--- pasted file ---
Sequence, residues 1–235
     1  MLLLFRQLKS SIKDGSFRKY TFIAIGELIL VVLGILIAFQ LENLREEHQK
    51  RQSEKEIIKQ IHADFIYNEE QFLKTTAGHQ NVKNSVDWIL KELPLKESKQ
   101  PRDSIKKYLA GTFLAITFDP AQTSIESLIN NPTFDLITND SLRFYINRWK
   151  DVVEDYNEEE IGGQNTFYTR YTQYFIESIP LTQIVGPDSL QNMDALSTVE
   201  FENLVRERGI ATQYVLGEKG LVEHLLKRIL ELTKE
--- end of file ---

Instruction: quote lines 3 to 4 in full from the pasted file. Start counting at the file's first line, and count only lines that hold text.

    51  RQSEKEIIKQ IHADFIYNEE QFLKTTAGHQ NVKNSVDWIL KELPLKESKQ
   101  PRDSIKKYLA GTFLAITFDP AQTSIESLIN NPTFDLITND SLRFYINRWK